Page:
The Brextremists have gone too far this time. People of all parties and backgrounds who care about the UK need to protest
I can't imagine that Brexit – a dogma that is so obviously against the national interest – would ever have been allowed to get as far as it has by the gutsy, morally robust wartime generation. Why can't we pull together again?
With Brextremists like Andrea Jenkyns, the MP for Morley and Outwood, now talking about “going down fighting” – as if they were members of some terrorist cell, rather than a group of responsible politicians putting forward any rational proposals – it’s time the great silent and not-so-silent majority made their feelings known about Brexit. We must shout with one voice: “Not in my name!”
This Saturday, 20 October, I will be proud to join what promises to be the biggest ever march against the madness of Brexit. People of all ages, faiths and backgrounds – all political affiliations and none – will take part in the March for Our Future. It will be a day for putting aside egos and forgetting which other groups we represent as we unite under one banner.
That is, of course, how it was the last time we marched on that scorching hot day in June, and what distinguishes us from the people on the other side of the argument: we actually do get along, and complement each other.
We will march together to celebrate our common purpose just as so many of those who are determined to take us out of the European Union make obvious they are putting personal ambitions ahead of the people of the United Kingdom. Unity and concern for the common good are our unique selling points.
I was asked the other day whether I was a People’s Vote supporter or whether my role with End the Chaos – the movement I have set up to give clarity where there is currently all too much fog on Brexit – precluded that. I laughed and said we all have the same aim, the same objective and the same dream for our country. The question is asked often by those who wish to sow division. It made me think of the hilarious sketch in Monty Python film The Life of Brian, where the members of the Judean People’s Front couldn’t get along with almost identically named organisations holding precisely the same objectives.
I need hardly add this is a time when special interest groups and organisations are determined to tear our society asunder. Jeremy Corbyn’s Labour party is essentially propagating class warfare. Dominic Grieve said last week Corbyn wanted to use the chaos that would ensue after a hard Brexit to fulfil his lifelong dream of overthrowing the capitalist system.
On the other side, there are politicians and rich backers – I know them only too well from my True and Fair campaign to end rip-offs in the City – that are as far to the right as Corbyn and his friends are to the left. They talk of bringing in a “Singapore-lite” set of rules after a hard Brexit; a bonfire of regulation, but this would equate to no – or nominal – taxation, meaning little funding for public services; a rolling back of protections, standards and rights; a survivalist economy in which the poor and the weak are trampled underfoot. It’s an opportunity for them to turn the islands of Great Britain and Ireland into an ideological laboratory.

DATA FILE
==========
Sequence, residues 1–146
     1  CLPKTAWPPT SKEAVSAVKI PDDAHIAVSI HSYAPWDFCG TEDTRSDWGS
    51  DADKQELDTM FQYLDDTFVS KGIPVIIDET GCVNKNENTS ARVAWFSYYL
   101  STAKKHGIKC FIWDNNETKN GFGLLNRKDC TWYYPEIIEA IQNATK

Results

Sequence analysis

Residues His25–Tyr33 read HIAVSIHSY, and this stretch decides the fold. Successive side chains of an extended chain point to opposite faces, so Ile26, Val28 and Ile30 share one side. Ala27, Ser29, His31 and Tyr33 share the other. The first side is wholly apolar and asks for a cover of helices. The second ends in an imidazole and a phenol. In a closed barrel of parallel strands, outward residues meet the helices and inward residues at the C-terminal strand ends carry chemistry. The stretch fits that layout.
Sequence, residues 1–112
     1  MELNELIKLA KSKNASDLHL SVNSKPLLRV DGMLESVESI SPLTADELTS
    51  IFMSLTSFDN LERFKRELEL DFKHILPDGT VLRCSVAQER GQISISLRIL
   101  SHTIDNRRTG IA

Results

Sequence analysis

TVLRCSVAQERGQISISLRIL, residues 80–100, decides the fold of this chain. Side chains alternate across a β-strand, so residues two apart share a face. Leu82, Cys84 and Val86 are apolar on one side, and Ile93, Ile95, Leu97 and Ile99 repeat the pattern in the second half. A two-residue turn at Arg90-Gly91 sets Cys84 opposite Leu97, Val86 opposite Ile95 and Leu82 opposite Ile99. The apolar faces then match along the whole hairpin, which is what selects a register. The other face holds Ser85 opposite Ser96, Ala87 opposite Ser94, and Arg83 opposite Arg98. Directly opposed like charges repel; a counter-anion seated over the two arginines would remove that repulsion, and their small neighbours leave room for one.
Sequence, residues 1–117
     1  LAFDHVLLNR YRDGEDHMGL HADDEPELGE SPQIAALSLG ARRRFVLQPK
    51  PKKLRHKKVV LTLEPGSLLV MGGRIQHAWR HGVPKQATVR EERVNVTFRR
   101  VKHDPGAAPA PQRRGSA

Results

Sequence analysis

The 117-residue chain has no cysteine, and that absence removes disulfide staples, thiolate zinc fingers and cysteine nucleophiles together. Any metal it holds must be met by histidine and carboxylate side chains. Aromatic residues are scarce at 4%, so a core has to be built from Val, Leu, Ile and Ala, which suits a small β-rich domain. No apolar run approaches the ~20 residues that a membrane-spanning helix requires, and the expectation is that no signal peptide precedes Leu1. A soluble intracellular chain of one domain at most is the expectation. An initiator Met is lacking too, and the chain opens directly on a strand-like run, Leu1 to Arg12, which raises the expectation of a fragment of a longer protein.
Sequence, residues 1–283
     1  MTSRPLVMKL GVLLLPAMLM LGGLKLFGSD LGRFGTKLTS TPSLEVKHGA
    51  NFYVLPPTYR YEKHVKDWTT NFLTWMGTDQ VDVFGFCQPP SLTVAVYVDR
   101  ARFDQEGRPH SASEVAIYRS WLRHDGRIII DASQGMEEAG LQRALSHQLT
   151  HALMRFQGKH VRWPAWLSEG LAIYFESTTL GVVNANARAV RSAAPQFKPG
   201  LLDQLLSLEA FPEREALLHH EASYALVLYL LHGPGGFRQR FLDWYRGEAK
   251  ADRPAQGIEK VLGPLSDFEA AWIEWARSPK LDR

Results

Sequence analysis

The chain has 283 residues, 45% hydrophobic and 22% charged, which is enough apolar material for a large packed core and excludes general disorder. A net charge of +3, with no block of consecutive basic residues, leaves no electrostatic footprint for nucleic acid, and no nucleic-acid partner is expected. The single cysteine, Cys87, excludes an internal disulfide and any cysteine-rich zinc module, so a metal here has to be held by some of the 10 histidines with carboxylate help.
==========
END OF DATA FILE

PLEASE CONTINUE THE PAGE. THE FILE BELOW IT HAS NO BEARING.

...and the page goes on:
Older politicians who served in the Second World War – a generation now sadly lost to the House of Commons – had no problem accepting Jo Cox’s dictum that ultimately there is more that unites this great country than divides it. In that terrible war, fighting against a common enemy, they pulled together – the die-hard Labour men and women from the great northern industrial cities, the high-born Tories from the shires – and they worked together, to brilliant effect.
Party loyalty of course mattered to them, but in a time of crisis, the country mattered much more.
The lessons of the war stayed with them all their lives and it enabled them to recognise courage and patriotism in people whose political views they might well have despised otherwise.
I can’t imagine that Brexit – a dogma so obviously against the national interest – would ever have been allowed to get as far as it has by that gutsy, morally robust wartime generation. They had learnt, too, through blood and anguish, how important it is that Europe is united.
So I will march on Saturday not as a representative of a particular organisation but as a proud citizen of the United Kingdom and Europe and, perhaps above all, as a mother who wants the best possible future for her children.
Gina Miller is a businesswomen, campaigner and founder of Endthechaos.co.uk
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